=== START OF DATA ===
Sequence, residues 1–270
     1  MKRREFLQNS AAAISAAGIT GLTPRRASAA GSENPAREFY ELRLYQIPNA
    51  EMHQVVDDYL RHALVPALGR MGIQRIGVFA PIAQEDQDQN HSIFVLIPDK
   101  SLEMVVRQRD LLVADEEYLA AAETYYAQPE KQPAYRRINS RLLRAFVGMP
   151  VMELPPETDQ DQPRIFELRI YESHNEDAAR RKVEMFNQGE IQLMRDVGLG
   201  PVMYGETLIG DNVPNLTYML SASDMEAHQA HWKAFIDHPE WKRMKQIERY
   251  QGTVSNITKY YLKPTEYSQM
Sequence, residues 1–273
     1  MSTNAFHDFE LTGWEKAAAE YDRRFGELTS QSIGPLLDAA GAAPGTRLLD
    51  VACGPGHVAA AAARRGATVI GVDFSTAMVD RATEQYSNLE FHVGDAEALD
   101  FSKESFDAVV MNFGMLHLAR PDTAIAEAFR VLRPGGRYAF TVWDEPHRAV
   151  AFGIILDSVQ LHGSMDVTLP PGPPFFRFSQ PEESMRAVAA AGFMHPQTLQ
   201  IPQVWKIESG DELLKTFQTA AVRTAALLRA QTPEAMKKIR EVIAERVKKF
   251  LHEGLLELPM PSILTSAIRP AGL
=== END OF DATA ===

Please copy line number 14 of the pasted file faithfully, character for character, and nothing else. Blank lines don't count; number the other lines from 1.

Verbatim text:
   251  LHEGLLELPM PSILTSAIRP AGL